Higher Education (HE) is the next level of Education after you leave school, sixth-form or college. It takes place at universities and Further Education colleges, and in 2018/2019, 2.38 million students were studying at higher education institutions in the UK.

HE covers qualifications from Level 4 upwards to Level 8. The most well know higher education qualifications are undergraduate and postgraduate degrees, but there are many more qualification types which are classed as Higher Education. In this section, we want to introduce to you these different qualifications and give you their essential details. You may find a qualification you want to study!

They are:

Higher Education (the qualifications listed above) can sometimes be confused with Further Education (FE). Further Education is the label used to describe the continued studying you do after GCSEs or BTECs aged 16 and above, but before university level. Higher Education is any study after A-Level equivalent qualification.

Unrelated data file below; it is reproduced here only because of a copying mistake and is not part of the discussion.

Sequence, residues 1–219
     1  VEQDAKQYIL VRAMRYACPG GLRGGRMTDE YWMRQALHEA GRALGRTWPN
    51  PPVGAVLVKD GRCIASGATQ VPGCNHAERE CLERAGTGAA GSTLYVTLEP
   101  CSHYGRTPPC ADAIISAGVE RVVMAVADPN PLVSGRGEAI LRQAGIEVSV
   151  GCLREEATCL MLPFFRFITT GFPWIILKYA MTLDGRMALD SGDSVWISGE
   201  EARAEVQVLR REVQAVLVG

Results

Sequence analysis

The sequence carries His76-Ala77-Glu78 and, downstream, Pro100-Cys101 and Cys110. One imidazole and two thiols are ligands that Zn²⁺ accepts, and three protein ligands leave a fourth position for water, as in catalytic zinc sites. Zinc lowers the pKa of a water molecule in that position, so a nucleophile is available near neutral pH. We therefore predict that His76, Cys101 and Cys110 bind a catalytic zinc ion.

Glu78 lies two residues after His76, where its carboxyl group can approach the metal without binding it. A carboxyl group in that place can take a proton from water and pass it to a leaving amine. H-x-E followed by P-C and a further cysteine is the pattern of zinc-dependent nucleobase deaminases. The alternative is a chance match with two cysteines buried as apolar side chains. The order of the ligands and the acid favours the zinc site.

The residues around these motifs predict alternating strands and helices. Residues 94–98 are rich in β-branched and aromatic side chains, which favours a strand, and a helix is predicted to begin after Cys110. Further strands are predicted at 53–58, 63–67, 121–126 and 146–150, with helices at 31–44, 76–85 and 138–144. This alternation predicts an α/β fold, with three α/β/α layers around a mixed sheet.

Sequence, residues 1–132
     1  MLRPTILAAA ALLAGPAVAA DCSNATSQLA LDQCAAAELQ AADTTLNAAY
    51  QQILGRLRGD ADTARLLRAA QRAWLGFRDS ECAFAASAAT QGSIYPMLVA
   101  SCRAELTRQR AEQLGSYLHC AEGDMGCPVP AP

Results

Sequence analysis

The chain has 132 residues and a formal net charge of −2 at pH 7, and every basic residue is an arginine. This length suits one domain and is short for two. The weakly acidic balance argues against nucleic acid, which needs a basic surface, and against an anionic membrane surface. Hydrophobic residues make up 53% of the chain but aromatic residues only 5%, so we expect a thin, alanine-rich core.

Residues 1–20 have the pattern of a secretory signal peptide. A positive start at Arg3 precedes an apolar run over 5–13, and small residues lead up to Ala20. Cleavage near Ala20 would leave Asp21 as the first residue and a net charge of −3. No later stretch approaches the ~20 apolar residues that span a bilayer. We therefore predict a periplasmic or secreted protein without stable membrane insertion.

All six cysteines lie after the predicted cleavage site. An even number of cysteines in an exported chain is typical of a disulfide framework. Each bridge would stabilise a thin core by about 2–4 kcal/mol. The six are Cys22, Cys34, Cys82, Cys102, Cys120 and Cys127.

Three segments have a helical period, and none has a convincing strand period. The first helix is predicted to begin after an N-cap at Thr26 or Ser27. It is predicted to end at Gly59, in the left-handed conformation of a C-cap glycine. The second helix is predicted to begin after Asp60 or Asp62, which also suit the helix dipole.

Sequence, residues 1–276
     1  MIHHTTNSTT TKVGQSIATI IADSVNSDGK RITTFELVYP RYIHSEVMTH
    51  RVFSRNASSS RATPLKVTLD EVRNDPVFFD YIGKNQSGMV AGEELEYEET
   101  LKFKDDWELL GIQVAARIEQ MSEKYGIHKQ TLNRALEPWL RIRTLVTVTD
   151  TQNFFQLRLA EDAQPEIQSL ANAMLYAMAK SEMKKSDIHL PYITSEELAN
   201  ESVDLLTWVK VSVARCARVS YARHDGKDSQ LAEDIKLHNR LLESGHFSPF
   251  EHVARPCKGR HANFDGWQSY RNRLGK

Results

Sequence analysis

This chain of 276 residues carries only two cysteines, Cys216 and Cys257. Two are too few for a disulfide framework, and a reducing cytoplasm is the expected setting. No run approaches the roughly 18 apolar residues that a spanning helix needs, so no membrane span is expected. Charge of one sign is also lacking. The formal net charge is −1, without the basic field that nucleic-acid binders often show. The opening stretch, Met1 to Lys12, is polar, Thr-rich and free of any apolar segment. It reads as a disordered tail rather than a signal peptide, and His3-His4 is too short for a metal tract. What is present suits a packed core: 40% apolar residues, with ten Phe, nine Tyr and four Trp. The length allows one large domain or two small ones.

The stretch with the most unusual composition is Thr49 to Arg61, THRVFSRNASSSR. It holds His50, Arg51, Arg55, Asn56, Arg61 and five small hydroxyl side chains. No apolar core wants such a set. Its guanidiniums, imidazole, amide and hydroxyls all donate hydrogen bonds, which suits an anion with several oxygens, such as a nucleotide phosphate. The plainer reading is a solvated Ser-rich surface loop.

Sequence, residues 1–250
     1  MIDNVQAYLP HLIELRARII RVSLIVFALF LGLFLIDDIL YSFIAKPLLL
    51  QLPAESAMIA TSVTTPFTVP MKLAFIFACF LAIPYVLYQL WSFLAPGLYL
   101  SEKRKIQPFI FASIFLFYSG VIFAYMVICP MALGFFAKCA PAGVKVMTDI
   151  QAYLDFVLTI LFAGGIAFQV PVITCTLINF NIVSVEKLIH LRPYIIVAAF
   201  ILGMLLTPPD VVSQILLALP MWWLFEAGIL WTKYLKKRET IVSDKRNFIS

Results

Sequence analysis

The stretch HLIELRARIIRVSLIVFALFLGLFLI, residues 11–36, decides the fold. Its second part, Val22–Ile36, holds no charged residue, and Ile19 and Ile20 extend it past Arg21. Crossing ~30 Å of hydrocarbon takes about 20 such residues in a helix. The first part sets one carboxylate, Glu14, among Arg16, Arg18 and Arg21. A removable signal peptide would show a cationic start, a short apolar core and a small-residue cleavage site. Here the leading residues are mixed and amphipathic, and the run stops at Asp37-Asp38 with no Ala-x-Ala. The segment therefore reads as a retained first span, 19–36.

You might decide very early on in your school career that you want to study some form of higher Education, or you may be finishing your A-Levels and still not know what you want to do; both are entirely valid and Higher Education is open to all kinds of people with different skills and abilities.

Suppose you do want to go onto Higher Education. In that case, it’s a good idea to look at what prior qualifications you will need for each one. However, many institutions ask for different requirements, some universities ask for BTECs or A-Levels to study a diploma, but some do not. There is no one rule!

These types of Higher Education qualifications can lead on from one and other. The most common example of this is the route:

Bachelor’s Degree         →              Master’s Degree                →           Doctoral Degree (PhD)

However, other HE qualifications are also connected. Some university Bachelor’s degrees can follow from a Diploma or Higher National Diploma. Or in some cases you can complete a Doctoral Degree (PhD), straight after a Bachelor’s degree, skipping the master’s step.

Understanding the world of qualifications and Higher Education can be difficult, you might benefit from visiting a careers fair or getting some work experience, so you have more of an idea of what path you want to take.